Debunking Myths On Learning To Play An Instrument Later In LifeAugust 9th, 2019 by Cassidy Welling
Learning to play an instrument decreases THE RISK OF AGE-RELATED MENTAL DECLINE as well as hearing loss, according to a number of studies. In fact, many people into their 50's and 60's report positive changes on both their mental and physical states, as well as their overall well-being. There are many misconceptions about LEARNING TO PLAY AN INSTRUMENT, especially when it comes to adult education, but there are truthfully a number of reasons that prove it's never too late to learn.
The Brain Can Always Change
Perhaps one of the biggest myths surrounding the later learning of a musical instrument is the common belief that the brain is set in its ways after puberty. In fact, the BRAIN MAINTAINS ITS ABILITY TO GROW and change throughout our lifetime. This is good news for the increasing number of FOLKS THAT ARE TAKING EARLIER RETIREMENT; not only will you have the time to do anything and everything you've always wanted, but nothing is truly off limits in this capacity. It may not come quite as easily as it would have at age 5, but it's more than possible, and well worth your efforts. According to many music teachers, actual ability is fairly low on the list of necessities when it comes to learning to play an instrument. It's desire, attitude, and patience that head up the list. Luckily, adults have these traits in more abundance, which may give adult learning a leg-up.
Advantages to Learning as an Adult or Senior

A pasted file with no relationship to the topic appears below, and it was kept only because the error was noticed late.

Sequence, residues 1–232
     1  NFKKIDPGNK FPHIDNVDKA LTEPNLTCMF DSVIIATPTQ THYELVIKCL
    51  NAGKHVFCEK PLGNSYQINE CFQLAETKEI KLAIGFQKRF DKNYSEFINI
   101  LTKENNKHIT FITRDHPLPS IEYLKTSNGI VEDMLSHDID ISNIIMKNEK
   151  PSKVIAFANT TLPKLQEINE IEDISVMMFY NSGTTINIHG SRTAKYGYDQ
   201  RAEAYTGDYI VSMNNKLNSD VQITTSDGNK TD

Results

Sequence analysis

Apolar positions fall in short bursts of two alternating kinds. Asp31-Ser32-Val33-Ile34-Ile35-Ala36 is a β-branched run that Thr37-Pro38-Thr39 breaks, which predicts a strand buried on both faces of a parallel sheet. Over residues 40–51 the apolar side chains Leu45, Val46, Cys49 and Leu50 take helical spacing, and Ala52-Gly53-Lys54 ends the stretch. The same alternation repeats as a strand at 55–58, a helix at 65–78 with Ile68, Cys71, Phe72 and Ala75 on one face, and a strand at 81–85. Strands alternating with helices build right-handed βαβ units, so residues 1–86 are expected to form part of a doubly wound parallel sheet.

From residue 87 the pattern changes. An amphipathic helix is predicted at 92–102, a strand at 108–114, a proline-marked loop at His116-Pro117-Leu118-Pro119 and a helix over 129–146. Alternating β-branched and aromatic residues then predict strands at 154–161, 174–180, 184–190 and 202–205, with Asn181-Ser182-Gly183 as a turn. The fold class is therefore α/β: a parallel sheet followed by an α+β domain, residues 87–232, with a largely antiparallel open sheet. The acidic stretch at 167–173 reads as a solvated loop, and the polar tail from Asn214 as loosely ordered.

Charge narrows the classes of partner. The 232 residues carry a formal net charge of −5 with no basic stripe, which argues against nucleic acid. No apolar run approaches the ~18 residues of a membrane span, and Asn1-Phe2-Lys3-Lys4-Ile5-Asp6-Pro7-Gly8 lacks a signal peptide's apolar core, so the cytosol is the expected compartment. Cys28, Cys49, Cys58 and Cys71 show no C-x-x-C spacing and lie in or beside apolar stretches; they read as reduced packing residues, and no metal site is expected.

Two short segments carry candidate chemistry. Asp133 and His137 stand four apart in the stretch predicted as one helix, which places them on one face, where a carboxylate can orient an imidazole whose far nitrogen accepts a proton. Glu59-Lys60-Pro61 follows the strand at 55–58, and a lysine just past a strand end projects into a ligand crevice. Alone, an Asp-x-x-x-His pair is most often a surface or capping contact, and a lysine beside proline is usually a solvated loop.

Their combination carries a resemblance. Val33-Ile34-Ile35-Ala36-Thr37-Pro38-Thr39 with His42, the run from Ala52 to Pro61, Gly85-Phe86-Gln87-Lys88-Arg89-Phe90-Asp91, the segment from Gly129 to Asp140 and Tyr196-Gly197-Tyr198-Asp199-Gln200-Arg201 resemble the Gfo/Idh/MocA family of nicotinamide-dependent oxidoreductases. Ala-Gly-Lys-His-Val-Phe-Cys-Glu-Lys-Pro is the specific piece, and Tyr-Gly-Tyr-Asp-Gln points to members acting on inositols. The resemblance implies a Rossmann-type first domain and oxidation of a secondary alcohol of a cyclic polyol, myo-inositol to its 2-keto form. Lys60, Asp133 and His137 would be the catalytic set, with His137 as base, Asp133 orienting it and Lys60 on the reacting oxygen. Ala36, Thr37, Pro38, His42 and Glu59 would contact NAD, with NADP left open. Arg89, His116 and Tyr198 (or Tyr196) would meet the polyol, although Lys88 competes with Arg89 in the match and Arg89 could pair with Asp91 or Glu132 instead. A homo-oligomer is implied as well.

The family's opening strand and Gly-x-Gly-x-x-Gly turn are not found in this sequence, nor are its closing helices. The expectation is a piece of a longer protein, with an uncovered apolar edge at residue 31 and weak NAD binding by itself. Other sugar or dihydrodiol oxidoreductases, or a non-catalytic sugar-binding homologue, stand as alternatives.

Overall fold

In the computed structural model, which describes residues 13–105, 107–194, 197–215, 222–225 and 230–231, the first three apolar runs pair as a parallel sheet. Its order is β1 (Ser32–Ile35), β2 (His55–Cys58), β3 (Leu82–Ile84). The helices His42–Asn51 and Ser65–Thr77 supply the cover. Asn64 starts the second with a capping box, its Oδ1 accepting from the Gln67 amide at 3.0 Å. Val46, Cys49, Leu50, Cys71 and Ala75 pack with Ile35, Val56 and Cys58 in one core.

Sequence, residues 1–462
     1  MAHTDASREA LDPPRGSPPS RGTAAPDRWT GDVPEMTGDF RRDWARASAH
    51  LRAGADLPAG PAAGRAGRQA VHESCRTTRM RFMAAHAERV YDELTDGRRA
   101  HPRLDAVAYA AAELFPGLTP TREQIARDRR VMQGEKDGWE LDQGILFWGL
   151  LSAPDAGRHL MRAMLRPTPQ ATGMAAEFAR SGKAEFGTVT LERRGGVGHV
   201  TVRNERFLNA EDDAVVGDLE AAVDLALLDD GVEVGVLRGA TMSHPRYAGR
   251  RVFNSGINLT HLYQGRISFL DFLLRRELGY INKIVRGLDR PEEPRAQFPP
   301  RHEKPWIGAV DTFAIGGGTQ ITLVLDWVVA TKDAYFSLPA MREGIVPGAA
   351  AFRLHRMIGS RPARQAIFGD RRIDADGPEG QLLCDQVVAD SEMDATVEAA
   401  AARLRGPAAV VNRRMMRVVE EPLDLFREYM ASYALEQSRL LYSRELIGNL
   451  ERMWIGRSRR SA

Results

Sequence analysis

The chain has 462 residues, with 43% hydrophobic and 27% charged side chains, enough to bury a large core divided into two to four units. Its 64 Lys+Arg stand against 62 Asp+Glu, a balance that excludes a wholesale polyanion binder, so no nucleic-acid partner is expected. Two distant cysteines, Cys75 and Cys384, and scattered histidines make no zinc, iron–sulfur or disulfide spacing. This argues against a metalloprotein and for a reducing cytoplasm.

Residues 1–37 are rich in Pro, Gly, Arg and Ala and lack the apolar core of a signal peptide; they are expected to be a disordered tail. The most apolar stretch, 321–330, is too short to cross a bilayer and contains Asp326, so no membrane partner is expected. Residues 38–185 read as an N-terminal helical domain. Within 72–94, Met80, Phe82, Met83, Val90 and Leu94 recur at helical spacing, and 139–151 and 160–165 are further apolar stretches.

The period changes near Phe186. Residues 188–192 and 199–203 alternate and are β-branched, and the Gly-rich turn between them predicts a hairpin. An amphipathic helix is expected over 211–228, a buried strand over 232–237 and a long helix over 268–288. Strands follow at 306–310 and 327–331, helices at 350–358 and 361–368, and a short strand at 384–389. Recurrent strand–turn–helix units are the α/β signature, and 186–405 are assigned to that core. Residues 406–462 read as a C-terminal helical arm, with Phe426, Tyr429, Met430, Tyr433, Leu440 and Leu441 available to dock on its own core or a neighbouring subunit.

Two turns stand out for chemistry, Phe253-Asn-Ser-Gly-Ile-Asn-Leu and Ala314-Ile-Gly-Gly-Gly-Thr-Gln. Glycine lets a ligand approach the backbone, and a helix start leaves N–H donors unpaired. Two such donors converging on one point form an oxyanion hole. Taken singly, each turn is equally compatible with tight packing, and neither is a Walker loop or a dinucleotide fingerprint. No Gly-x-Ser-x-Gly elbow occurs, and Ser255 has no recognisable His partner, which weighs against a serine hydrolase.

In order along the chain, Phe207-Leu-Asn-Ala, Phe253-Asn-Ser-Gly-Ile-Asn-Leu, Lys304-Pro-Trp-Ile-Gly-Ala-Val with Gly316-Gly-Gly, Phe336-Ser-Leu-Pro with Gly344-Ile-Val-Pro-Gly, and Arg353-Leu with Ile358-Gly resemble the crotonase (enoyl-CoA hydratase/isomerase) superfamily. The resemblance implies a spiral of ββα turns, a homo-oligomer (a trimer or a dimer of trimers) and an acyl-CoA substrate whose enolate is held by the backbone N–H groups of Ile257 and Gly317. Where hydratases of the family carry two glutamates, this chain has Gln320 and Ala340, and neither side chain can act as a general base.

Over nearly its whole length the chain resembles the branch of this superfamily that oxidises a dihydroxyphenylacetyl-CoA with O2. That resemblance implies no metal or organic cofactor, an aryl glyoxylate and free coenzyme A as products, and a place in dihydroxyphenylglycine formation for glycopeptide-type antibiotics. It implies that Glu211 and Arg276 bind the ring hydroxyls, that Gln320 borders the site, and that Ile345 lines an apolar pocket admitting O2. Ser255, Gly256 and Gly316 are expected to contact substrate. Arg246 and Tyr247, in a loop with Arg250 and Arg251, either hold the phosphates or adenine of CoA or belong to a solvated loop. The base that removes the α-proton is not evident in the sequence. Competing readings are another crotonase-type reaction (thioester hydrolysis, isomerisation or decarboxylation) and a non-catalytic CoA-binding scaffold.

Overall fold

Along with the myth of set-in-stone cognitive ability, there's also a lot of fallacy surrounding actually becoming a beginner-level student as an adult or senior. In fact, there are many ways to begin, including at-home training, tutors, and online courses, and they aren't just geared towards children. What's more is that there are a number of ASPECTS OF LEARNING AS AN ADULT that have an advantage over learning in youth. As an adult, you're free to choose what you want to learn, as well as when, while children are often limited to certain varieties and time frames. Additionally, adults have a sense of self-discipline and determination that younger individuals may struggle with. This gives them a drive to be successful in their efforts, provided it's something they truly want to engage in, of course.
Granted that a true desire to learn is a necessity, it's another common misconception that learning anything new, particularly something more involved like an instrument, will bring about an increase in stress levels. If learning an instrument isn't something enjoyable for an individual, that may well be the case. In those that truly want to learn and enjoy it, it can actually reduce stress levels and improve overall mood and well-being. Music education has been found to AID THE PRODUCTION AND RELEASE OF DOPAMINE, a feel-good chemical in the brain, which can also improve levels of concentration and sleep quality.
As you can see, there's no reason not to take up learning an instrument, no matter what your age. In fact, there are clearly multiple reasons to take up the hobby, not to mention the added benefit of putting to rest the myths that surround adult learning, and ending the associated stigmas.